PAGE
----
Air quality is a serious concern, especially in retrofits and buildings where air pollution is particularly bad. The answer to the question of whether you need air filters depends on a variety of positive and negative influencers. Let's start with the positives:
- Healthy building materials were used in construction.
- Unhealthy building materials have been isolated from the interior.
- The home is adequately ventilated, replacing between 35% and 50% of its air every hour.
Those are simple enough. The negative affecters are far more numerous and complicated, depending much more on the home's inhabitants, their habits, and similar factors. Here's a list, which is by no means complete:
- The home's inhabitants smoke.
- The home's combustion appliances use internal air or vent indoors.
- The inhabitants use certain beauty products regularly – hair spray, nail polish, and others with similar chemical compositions.
- Chemical detergents, cleaning products, and air fresheners are frequently used.
- Chemical pesticides are required to keep invading insects at bay.
- The inhabitants have craft hobbies involving solvents.
- The home houses pets which shed a great deal of dander.
- The house smells stuffy and stale.
- Excessive condensation is visible on windows in winter.
- Mold and mildew grow on window sills.
- Someone living in the home suffers from hay fever or is allergic to (or very sensitive to) chemicals.
If you've tried eliminating and isolating as many sources of air pollution as possible, and have improved ventilation, but you still have problems, you may need to consider air filters. It is important to note that air filtration systems are a last resort, after you have tried everything else.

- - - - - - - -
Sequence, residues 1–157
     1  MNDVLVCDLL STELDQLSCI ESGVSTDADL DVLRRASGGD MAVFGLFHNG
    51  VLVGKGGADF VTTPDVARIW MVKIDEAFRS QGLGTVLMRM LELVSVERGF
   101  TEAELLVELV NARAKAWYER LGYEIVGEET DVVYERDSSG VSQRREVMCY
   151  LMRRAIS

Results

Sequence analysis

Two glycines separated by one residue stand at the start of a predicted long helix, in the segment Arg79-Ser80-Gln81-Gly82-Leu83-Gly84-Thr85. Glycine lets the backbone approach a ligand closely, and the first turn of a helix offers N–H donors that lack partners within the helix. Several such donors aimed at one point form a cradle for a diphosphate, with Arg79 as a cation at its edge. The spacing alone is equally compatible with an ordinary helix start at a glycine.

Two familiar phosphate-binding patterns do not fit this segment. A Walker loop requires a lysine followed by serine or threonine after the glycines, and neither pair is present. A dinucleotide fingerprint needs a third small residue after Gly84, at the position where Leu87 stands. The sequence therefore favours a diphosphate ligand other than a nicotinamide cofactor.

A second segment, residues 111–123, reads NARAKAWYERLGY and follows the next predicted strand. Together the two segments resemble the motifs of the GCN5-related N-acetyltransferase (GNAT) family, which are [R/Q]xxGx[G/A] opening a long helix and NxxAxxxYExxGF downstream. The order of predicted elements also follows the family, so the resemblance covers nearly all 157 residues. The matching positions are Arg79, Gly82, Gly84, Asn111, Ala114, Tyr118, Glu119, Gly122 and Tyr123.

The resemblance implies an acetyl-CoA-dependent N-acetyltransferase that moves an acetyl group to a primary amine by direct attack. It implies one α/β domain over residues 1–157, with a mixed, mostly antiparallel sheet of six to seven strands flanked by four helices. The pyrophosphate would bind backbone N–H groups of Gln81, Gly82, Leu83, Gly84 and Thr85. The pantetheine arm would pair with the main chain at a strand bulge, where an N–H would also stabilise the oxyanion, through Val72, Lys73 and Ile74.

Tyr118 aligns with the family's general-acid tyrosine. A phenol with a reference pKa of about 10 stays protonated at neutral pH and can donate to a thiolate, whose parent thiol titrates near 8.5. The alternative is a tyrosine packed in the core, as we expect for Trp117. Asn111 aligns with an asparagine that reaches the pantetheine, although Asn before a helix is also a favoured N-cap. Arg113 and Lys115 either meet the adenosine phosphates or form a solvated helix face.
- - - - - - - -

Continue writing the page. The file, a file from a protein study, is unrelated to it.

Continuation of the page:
Many different air filters are available, but most fall into one of two types: portable or whole-house. They range widely in price, from a few dollars (for either type) up to four figures for complex systems.
Portable filters are designed to purify the air in a single room. The room must be sealed off from the rest of the house – doors closed, windows closed, any air ducts covered. This gives rise to a problem in most passive solar homes, as a room closed off in this way won't get any heat from the rest of the house.
Whole-house systems clean the air for a whole building. In their simplest form, they are special filters installed in the ducting of the home's air conditioning, whole-house ventilation or forced-air heating system. As the air is pushed around the home, it gets cleaned automatically. These filters are not standard spun-glass models used in furnaces and air con systems: they need to be a lot finer to trap gases and particulate matter.
The down-side is that the system needs to run for several hours a day, or longer if there's a smoker, lots of carpeting or pets around. As well as the additional electrical cost (which is admittedly minor for a few fans), there's the extra noise.
An alternative setup is to use heat-recovery ventilators with additional air filters: these are expensive (often thousands of dollars) but they work very well and retain extra heat in the winter.